New regulations on investment advice provided to participants in 401(k) or similar retirement plans, which were set to take effect on Dec. 22, 2021, won't take effect for several additional months, the U.S. Department of Labor (DOL) announced on Oct. 25.
Financial services companies that provide investment advice had requested additional time to comply with the new requirements.
In Field Assistance Bulletin No. 2021-02, the DOL said it would not pursue claims against investment advisors acting "diligently and in good faith" to comply with Prohibited Transaction Exemption (PTE) 2020-02—Improving Investment Advice for Workers & Retirees as follows:
- Through Jan. 31, 2022, the DOL will not pursue prohibited transactions claims against investment advice fiduciaries who are working diligently and in good faith to comply with the Impartial Conduct Standards set forth in the exemption.
- Through June 30, 2022, the DOL will not enforce the specific documentation and disclosure requirements for advice on rolling over assets from 401(k) plans to individual retirement accounts (IRAs). Under PTE 2020-02, for instance, if a rollover recommendation is being provided, advisors must document the specific reasons as to why the rollover is in the best interest of the retirement investor.
- Effective as of Feb. 1, 2022, all other requirements of PTE 2020-02 will be subject to full enforcement.
PTE 2020-02 was finalized in December 2020, at the end of the Trump administration. It was originally set to take effect on Feb. 16, 2021, but the incoming Biden administration provided transitional relief through Dec. 20, 2021.
"The class exemption provides meaningful protections for individual investors, and we continue to emphasize the importance of compliance," Ali Khawar, acting assistant secretary for the Employee Benefits Securities Administration, said in a statement. "Based on concerns raised, we've concluded that providing additional transition relief for financial institutions that are working in good faith to build systems to comply with the exemption conditions is appropriate."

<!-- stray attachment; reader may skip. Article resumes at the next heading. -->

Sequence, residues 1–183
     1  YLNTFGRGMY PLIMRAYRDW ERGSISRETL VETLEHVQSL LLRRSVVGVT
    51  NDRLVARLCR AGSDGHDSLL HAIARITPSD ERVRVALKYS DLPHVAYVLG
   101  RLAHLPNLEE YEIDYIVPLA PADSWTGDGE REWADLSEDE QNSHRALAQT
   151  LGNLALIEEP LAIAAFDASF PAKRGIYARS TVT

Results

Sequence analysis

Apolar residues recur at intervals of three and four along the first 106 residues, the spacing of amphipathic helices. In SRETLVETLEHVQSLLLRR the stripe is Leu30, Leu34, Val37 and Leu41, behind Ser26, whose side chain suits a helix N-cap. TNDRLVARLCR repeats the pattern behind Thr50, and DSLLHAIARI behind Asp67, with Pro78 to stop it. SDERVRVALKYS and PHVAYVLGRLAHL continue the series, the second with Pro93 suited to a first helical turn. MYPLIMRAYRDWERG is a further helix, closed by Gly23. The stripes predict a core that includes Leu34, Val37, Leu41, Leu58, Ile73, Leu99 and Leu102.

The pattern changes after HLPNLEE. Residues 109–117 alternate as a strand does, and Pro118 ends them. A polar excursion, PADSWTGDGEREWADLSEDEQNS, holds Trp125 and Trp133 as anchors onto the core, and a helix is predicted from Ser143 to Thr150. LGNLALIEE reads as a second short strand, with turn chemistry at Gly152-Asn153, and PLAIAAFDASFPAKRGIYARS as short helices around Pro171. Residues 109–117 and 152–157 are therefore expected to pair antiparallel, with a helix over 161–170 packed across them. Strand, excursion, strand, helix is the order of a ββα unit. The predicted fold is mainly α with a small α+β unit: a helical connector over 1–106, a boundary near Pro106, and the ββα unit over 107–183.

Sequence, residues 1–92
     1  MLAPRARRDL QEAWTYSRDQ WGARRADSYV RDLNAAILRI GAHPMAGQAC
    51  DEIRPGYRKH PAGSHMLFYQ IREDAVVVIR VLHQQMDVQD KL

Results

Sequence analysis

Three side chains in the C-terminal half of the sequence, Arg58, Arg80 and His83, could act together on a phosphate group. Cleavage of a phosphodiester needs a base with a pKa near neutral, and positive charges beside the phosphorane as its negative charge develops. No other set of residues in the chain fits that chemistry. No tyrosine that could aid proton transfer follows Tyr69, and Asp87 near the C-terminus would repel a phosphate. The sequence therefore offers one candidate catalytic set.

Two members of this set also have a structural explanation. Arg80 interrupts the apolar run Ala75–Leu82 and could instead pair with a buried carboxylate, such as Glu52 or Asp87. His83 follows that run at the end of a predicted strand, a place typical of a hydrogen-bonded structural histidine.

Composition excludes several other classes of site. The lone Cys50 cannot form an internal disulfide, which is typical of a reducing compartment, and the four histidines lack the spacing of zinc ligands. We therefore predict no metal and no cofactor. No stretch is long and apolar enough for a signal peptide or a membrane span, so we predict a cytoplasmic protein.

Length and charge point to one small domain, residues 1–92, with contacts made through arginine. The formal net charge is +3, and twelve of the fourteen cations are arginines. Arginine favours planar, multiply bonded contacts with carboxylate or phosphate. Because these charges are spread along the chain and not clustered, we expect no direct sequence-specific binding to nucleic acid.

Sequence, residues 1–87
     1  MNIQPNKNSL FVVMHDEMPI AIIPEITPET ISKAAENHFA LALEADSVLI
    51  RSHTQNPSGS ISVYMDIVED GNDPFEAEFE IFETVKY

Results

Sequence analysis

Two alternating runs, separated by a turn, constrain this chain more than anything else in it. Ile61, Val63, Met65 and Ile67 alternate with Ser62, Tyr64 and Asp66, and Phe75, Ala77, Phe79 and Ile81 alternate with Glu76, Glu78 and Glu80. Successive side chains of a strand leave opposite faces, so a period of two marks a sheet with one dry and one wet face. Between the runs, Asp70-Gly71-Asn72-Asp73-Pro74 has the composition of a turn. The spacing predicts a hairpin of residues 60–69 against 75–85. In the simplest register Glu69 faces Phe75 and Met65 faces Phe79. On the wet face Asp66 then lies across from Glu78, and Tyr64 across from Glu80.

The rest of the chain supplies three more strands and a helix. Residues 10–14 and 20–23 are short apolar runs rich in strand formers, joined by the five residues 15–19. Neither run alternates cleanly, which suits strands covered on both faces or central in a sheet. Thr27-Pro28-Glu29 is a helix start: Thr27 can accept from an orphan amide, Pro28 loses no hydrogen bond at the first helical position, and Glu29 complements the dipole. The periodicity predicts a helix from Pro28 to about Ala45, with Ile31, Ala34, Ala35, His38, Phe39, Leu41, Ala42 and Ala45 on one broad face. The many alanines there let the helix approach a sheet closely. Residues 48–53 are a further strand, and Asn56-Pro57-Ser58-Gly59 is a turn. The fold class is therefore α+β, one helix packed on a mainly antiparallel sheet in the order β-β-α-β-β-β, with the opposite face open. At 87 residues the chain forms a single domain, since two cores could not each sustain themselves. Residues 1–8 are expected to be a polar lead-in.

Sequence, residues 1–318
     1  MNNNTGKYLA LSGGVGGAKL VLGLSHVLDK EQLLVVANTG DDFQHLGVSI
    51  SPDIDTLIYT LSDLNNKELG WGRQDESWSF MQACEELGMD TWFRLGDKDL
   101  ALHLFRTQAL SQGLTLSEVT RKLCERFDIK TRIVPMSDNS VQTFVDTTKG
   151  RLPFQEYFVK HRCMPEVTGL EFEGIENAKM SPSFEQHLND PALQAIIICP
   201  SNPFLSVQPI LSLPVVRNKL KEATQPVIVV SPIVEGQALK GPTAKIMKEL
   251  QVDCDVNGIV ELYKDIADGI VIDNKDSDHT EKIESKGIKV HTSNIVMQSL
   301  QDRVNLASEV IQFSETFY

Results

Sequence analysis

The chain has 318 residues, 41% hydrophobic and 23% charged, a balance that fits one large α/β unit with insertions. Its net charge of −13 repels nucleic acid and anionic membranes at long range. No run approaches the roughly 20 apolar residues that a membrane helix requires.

In a legal alert, national law firm Eversheds Sutherland commented that the enforcement delay will "provide more time for vendors to perfect and investment advice fiduciaries to install reliable solutions for obtaining and processing the comparative cost information and other documentation DOL required under PTE 2020-02 for rollover advice," in particular.
However, Mike Webb, senior financial advisor in the New York City office of CAPTRUST, tweeted: "I wonder if the extension of the documentation and disclosure requirements to June 30, 2022, will be all that helpful given the fact that the rest of the rule will be subject to 'full enforcement' on Feb. 1."
Third-Party Payments to Advisors
PTE 2020-02 addresses fiduciary requirements under the Employee Retirement Income Security Act (ERISA) for professionals who recommend investments to participants in 401(k) or similar employer-sponsored plans and to IRA holders. It requires investment advisors providing such advice to act in plan participants' best interest as fiduciaries. However, it provides an exemption from ERISA that allows advisors to receive compensation directly from mutual fund companies, with certain restrictions. For instance, investment advice must be in the best interest of the investor and must not place any other interests ahead of that interest.
To receive the exemption, for instance, an investment professional or financial institution, among other requirements, must abide by impartial conduct standards: giving advice that is in the best interest of the investor. Investment-advice fiduciaries who meet those standards could receive "a wide variety of payments [from mutual fund companies and investment firms] that would otherwise violate the prohibited transaction rules," according to the PTE 2020-02.
Supporters of the exemption said it means participants don't pay out of their own pocket for advice, which might otherwise be unaffordable for them. Critics contended that allowing third-party payments to advisors inevitably raises concerns about participants receiving conflicted advice that is not in their best interest.
PTE 2020-02 did not directly place new compliance requirements on employers that sponsor retirement plans, benefits specialists said. However, employers that sponsor defined contribution retirement plans have a fiduciary responsibility to verify that any service providers they contract with to provide participants with investment advice are compliant with the new regulations—including advice offered through by the financial services firm that administers the plan and acts as record keeper.
Plan sponsors' fiduciary oversight includes understanding how and by whom investment advisors are being paid and whether those payments could result in conflicts of interest.
Replacement Rule Is Possible
"The DOL's Spring 2021 regulatory agenda advises that the department is considering whether to revisit the fiduciary rule," reported the National Association of Plan Advisors, a trade group.
The new relief, while helpful, is "less than DOL should have provided given the expected proposal of revised rules in the very near term," Eversheds Sutherland's attorneys commented.